It seems reasonable that an AI could author this sort of book. The prototype "provides a compelling machine-generated overview about the latest research on lithium-ion batteries, automatically compiled by an algorithm." Scientific papers have a fairly rigid structure, and so it should be reasonable straightforward to create a literature summary. More tricky would be identifying relevance of individual results and placing them into a wider context. No word on whether the unattributed marketing article was also AI-produced.
This is a look at a number of the lesser-known federated social networking applications (known collectively as the 'fediverse', and known as 'federated' because there is no central website, but rather a 'federation' of interconnetced websites). Belshaw looks at Misskey, Socialhome, and Pleroma, among others.
"Just a few years ago," writes Kevin Carey, "universities had a chance to make a quality education affordable for everyone. Here's the little-known and absolutely infuriating history of what they did instead." I'm not sure how little-know it is; after all, the sector's failure has been chronicled over 20 years in these pages. But the core observation is dead on. Universities "outsource much of the work to an obscure species of for-profit company that has figured out how to gouge students in new and creative ways. These companies are called online program managers, or OPMs, an acronym that could come right out of 'Office Space.' They have goofy, forgettable names like 2U, HotChalk and iDesign."
The initial concept is laudable. "What Anbar has in mind is something he calls "active OER." That's taking the standard digital textbook and expanding it with the addition of digital resources, including simulations that are both interactive and adaptive." So is the committment of $25 million to the project. But why then would it be narrowed down to one commercial provider? "That's where Smart Sparrow comes in: The company produces aero, a learning platform that allows the instructor to pull together lessons from a set of templates." This is in many respects the opposite of extending OERs with interactive resources. Rather, it looks like another case of open-wrapping - taking open content and wrapping it with a proprietary interface.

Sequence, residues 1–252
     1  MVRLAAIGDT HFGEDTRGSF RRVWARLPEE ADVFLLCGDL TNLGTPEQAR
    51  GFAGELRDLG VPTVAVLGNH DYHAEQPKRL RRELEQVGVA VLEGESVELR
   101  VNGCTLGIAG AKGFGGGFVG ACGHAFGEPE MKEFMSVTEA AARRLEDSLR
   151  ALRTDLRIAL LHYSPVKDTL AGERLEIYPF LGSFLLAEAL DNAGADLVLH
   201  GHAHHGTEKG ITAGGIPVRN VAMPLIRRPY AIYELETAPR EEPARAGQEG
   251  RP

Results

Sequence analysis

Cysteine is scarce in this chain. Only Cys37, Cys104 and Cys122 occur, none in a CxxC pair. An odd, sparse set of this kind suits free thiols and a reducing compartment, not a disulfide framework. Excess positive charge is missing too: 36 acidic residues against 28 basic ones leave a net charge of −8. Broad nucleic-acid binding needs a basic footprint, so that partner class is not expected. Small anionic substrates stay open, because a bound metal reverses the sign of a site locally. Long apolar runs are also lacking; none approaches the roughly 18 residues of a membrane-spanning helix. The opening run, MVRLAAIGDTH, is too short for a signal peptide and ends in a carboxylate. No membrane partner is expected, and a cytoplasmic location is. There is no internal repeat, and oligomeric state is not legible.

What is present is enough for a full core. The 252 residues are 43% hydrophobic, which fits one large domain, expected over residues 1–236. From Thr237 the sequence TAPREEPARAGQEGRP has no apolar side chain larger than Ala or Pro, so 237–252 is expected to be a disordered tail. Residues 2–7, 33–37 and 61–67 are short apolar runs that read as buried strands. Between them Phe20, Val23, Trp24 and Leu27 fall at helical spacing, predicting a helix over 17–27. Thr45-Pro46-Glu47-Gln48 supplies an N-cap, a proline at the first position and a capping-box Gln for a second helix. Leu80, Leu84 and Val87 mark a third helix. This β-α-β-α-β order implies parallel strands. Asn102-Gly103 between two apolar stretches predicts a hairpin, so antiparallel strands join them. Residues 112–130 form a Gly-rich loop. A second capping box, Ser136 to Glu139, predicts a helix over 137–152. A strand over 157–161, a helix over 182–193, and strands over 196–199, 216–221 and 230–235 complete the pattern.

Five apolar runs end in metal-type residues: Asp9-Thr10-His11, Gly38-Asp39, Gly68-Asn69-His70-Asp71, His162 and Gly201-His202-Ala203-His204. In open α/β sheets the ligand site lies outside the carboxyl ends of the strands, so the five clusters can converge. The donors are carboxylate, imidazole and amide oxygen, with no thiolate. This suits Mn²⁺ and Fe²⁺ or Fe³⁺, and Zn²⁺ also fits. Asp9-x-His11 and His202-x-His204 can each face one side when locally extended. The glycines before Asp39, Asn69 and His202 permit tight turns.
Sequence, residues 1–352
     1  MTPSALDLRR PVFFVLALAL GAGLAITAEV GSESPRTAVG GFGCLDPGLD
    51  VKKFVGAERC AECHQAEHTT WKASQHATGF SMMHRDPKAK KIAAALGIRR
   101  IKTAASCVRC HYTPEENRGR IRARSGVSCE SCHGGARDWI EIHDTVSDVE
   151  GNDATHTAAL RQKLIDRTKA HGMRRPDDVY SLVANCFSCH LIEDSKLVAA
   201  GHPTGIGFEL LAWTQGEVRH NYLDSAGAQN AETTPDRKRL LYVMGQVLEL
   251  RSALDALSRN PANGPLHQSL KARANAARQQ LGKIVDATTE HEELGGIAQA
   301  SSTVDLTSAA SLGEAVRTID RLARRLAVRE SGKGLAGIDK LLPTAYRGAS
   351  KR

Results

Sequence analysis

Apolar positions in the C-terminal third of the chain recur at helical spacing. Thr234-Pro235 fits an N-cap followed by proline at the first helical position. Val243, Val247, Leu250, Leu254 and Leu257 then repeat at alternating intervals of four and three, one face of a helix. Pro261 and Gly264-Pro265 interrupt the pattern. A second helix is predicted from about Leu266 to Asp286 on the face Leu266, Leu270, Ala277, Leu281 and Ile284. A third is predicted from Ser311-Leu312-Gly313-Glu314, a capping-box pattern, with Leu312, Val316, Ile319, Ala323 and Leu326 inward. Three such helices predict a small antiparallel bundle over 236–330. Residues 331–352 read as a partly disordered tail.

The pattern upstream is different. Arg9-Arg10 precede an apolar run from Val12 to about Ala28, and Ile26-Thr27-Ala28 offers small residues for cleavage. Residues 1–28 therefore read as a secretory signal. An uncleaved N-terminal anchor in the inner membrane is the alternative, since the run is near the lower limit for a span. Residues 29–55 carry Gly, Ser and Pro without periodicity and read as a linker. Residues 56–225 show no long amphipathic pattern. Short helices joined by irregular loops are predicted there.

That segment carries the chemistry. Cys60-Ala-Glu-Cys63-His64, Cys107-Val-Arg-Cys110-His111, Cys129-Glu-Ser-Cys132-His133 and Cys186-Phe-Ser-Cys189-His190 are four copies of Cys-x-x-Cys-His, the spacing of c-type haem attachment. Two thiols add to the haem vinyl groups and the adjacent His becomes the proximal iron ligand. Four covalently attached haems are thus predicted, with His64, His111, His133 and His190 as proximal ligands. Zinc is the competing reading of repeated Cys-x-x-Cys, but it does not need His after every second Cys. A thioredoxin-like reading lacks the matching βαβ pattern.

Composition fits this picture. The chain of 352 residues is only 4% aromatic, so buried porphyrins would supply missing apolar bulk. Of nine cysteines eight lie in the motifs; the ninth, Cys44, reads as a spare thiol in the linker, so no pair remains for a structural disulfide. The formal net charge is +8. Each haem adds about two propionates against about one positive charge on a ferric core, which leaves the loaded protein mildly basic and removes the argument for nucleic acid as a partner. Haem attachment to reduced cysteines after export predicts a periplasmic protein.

This is a study of YikYak in education. "Yik Yak was a social media application which was designed according to the three principles of anonymity, hyper-locality and community moderation, and focused specifically on user appeal on university campuses." The potential for problems was clear. "There were several well-publicised incidents of hate and victimisation over the period of the life of Yik Yak." But did the value make up for that? "Yik Yak was not for the most part a toxic environment." And when in 2016 YikYak curtained anonymity its popularity plummited. The authors suggest that unreachability holds significant social value for students" and that there is a need for "thinking in a more nuanced way about the social media ecologies of students and re-framing them in terms of what Haber has called ‘the complex desire for diverse temporalities of interaction – different speeds of communication at varying levels of intimacy and exposure’."
I've been playing No Man's Sky since almost the day it launched and this is the upgrade I've been waiting for: VR. The game had a rocky launch; it was basically just a sketchy universe and some controls. But the potential was obvious even then. No, according to this report. this summer's update will include for virtual reality. "If the goal of No Man's Sky is to make players feel, full-stop -- then VR is the best way to play."
The best line in this post is this: "each year in the US, we turn out thousands of students who have learned the rules Bach used to write four part chorales... but even though we train thousands of students, year after year, we haven’t seen another Bach." Of course, part of the reason for this is the same as the reason we can make most students above-average: the second person who is equal to Bach, even if equally talented, can't be Bach. And of course the United States has produced acres of brilliant musical talent over the years, as original and creative as Bach, but of course, not Bach. The pedantry aside, I agree with Wiley's overall point, that any discipline is a mixture of art and science. And so, "the choice between a research-informed, data-driven classroom and a classroom centered on relationships of care and support is a choice we don’t have to make."
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